When to call 9-1-1
You should use 9-1-1 only in an emergency. 9-1-1 gives people priority access to emergency services and should be reserved for those who really need it. Sometimes it is difficult to know whether your problem is serious or not. Here are just a few examples of when you would require urgent medical care – and you should call 9-1-1 or go to an emergency department.
- When you are experiencing pains or tightness in the chest.
- When you have severe pain.
- When you have shortness of breath.
- When a person is choking or having difficulty breathing.
- When you think you may have fractured or broken a bone, or have a wound that may need stitches.
- When you have sudden, severe headaches, vision problems, sudden weakness, numbness and/or tingling in the face, arm or leg, trouble speaking, or dizziness.
- If your child has diarrhea and vomiting and won’t eat or drink.
- When a baby under six month has a fever over 38.5°C (101°F).
Calling 9-1-1 if you don’t speak English
Even if you don’t speak a word of English, help is only minutes away. We have instant access to translators who can help us to help you in more than 170 languages. It is important to remember that in an emergency, calling 9-1-1 and letting us access our translators directly will save precious seconds.If you have family members or friends who don’t speak English, it is important to let them know that in the event of an emergency they should dial 9-1-1 directly rather than spending time looking for an English speaker to do it. Just call 9-1-1 and tell the operator what language you speak. We’ll take care of the rest.
For further information, visit our website, 911inanylanguage.ca.
What to expect when you call 9-1-1
When you call 9-1-1, remember to stay calm and give clear information. Be prepared to provide the following information:
- The first person you talk to will ask you whether you need police, fire or ambulance and your language if you don’t speak English.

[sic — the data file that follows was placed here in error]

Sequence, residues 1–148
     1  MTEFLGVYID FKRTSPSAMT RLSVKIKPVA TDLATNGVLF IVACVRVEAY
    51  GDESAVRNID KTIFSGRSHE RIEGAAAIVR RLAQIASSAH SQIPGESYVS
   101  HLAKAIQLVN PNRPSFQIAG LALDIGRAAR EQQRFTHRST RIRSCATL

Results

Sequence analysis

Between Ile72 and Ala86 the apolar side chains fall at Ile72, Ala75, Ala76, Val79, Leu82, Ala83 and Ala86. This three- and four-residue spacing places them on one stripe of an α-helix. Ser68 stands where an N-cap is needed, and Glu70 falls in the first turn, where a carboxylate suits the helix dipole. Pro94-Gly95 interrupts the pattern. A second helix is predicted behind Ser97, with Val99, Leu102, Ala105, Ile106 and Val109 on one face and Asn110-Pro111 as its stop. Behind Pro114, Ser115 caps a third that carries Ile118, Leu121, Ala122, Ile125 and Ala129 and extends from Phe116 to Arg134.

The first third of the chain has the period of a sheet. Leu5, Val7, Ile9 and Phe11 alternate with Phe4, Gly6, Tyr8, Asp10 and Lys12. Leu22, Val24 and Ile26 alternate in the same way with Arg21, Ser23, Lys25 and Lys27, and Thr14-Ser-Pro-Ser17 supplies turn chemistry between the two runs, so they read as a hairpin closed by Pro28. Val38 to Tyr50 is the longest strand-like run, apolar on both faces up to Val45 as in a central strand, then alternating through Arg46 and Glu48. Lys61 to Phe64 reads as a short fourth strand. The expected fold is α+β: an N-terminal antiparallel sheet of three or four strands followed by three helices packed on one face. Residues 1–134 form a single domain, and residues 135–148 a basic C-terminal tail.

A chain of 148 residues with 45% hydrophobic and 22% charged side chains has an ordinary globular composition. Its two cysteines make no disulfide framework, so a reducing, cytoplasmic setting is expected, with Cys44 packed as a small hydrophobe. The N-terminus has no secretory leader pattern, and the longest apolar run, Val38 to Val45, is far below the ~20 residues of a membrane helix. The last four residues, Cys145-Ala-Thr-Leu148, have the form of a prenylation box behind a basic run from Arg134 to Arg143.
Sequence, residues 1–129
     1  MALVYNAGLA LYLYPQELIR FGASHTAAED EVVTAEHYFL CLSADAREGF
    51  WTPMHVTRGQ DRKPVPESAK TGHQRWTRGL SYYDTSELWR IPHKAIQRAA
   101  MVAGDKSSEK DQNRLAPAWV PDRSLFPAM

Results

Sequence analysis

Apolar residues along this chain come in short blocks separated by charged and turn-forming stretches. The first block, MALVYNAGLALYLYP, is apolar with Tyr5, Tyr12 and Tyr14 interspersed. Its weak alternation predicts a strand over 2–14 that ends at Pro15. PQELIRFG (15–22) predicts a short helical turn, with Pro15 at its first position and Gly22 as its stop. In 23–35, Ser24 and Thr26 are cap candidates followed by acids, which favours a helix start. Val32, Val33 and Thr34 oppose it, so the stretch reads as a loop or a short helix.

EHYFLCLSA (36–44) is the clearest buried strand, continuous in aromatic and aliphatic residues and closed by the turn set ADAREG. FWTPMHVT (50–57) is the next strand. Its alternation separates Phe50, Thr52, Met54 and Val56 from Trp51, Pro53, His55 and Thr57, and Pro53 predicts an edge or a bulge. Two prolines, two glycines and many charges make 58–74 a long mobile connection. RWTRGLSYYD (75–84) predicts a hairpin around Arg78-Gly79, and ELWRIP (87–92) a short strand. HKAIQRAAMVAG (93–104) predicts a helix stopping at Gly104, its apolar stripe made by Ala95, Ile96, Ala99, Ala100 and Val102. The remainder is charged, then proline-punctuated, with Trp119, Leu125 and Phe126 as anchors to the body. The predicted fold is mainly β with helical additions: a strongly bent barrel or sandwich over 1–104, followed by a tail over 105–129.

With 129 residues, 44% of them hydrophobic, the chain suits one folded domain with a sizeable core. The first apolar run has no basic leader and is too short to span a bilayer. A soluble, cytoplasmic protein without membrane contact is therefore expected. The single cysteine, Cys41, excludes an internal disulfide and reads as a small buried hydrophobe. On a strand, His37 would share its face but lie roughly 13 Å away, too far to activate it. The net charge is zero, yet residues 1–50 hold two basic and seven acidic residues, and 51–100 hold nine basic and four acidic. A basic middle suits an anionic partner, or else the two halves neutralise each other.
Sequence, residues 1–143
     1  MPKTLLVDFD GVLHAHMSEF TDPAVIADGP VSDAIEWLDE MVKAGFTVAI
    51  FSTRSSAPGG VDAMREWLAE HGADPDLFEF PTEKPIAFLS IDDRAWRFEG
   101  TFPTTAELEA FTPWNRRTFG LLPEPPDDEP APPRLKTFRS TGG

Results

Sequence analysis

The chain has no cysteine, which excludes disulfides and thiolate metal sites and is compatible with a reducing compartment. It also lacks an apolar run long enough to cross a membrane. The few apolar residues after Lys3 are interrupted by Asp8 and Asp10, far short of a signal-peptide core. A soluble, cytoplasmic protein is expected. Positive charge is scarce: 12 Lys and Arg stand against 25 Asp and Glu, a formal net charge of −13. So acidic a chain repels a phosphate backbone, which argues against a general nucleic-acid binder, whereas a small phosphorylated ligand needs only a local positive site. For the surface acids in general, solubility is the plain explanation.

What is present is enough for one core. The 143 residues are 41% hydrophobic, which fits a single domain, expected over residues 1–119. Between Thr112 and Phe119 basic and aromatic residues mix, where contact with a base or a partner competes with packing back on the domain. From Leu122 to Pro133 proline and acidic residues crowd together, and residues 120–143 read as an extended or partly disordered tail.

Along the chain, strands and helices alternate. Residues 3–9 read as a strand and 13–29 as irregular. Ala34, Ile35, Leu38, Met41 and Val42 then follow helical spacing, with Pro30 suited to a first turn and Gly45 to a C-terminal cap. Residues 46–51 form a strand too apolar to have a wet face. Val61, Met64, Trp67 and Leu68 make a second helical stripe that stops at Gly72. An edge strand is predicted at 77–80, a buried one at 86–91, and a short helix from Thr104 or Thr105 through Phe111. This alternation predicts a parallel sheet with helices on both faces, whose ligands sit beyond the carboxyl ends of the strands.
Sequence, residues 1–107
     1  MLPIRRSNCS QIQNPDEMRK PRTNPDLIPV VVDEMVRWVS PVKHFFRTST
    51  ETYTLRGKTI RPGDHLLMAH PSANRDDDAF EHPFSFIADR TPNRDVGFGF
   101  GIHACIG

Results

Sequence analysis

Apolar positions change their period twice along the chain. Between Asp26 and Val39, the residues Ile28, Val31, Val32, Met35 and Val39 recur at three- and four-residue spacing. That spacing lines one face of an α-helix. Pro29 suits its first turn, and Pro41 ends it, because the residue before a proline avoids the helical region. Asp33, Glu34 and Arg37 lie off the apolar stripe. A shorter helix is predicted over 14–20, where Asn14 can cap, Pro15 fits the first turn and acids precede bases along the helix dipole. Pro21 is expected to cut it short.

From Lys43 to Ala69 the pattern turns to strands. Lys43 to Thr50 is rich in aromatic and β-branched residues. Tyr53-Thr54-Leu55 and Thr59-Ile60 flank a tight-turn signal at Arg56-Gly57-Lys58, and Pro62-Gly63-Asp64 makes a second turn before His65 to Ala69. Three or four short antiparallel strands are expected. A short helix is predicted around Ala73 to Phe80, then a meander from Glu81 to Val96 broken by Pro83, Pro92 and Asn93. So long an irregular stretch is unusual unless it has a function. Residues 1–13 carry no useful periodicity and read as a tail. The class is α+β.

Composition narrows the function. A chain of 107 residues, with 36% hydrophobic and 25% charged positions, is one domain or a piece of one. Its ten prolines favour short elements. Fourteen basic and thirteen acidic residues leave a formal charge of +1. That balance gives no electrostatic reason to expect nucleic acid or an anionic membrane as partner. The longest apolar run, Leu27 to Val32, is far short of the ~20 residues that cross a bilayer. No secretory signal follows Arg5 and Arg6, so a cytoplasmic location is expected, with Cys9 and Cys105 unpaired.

- If you have a medical emergency, you will be transferred to an emergency medical dispatcher, who will ask you for the following information:
- The location of the emergency,
- A description of what is happening,
- Your name, address and telephone number,
- The apartment number and access code if applicable.
- Please remember that the emergency medical dispatcher needs to ask you specific questions in a specific order to help you as quickly and effectively as possible.
- Remain on the line to provide additional information if requested to do so by the call taker.
After you have given your information to the dispatcher, the following points will help the paramedics to help you.
- Clear a path to the patient – move furniture, unlock doors.
- If possible have someone meet the ambulance.
- Be sure your house number is clearly visible from the street.
- If you live in a house – turn on the outside lights at night.
- If you live in an apartment – try to meet the ambulance at the lobby door and have the elevator ready.
- Do not move the patient unless life is threatened.
Calling from outside Toronto
If you are calling to report a medical emergency occurring inside Toronto but you are outside Toronto, you may call us at 416-489-2111.
From outside Canada and the United States, this is an international call. If you need help making an international call from your area, you may find assistance at howtocallabroad.com (not affiliated or associated with Toronto Paramedic Services or the City of Toronto).